NEW YORK (GenomeWeb News) – Celera has filed with the US Securities and Exchange Commission a preliminary prospectus to split off from parent company Applera.
The filing is the latest step in the previously announced plans of Applera to split its two businesses — Celera and Applied Biosystems — which currently trade as tracking stocks, into two independently traded companies.
Applera filed with the SEC in late February to separate the two firms. Under the terms of the separation, shareholders of the Applera Group-Celera Group tracking stock would receive one share of new Celera Corporation shares for each share of the tracking stock they currently own. Upon completion of the deal, Celera would become an independent, publicly traded company.
Celera confirmed in its filing yesterday that it will trade on the Nasdaq under its current ticker symbol, CRA, and its current tracking stock would be delisted from the New York Stock Exchange. Celera President Kathy Ordoñez is listed as president, CEO, and director of the firm, which will continue to be based in Alameda, Calif.
Among the risk factors cited in the prospectus is that the allocation of intellectual property rights between the firms could potentially harm Celera’s business.
“Under the separation agreement with Applera, intellectual property that has been developed by the Celera Group or used primarily in our business will be transferred to us on or prior to the split-off date,” it said in the filing.
“However, some intellectual property currently used in substantially all of our diagnostic products is also used by the Applied Biosystems Group and will be retained by Applera," it added. "All intellectual property that will be retained by Applera and that is used in our diagnostic products will be made available to us through a supply agreement we will enter into with Applera on the split-off date, except that intellectual property used in our hepatitis C virus, or HCV, analyte specific reagents will be made available to us under a license agreement that we will enter into with Applera on the split-off date.”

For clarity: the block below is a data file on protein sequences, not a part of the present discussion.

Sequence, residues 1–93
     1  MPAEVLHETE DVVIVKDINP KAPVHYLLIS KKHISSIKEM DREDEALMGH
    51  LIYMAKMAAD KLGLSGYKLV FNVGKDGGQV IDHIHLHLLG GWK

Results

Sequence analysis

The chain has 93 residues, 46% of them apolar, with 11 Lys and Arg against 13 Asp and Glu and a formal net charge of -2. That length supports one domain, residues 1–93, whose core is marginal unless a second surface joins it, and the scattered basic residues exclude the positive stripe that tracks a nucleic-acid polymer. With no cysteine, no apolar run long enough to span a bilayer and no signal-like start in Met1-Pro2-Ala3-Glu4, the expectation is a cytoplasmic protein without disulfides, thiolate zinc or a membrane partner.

Celera also said it would no longer have early access to ABI’s instrumentation, reagents, and other technologies for use in its diagnostic products and services.
In addition, Celera said that after the split, “Applera may directly compete with us or enable others to compete with us in human diagnostics, except that for a period of three years following the split-off date, Applera, subject to specified exceptions, will be restricted in its ability to supply any reseller with capillary electrophoresis sequencers for commercialization of human diagnostic tests outside of Asia, Africa and South America, nor will it be able to itself commercialize these tests anywhere in the world for the same three year period.”
ABI’s common stock will continue to trade on the New York Stock Exchange.
The split-off date has not been finalized, but officials from both Celera and ABI have previously said that they expect it to happen by the end of the firms’ fiscal year on June 30.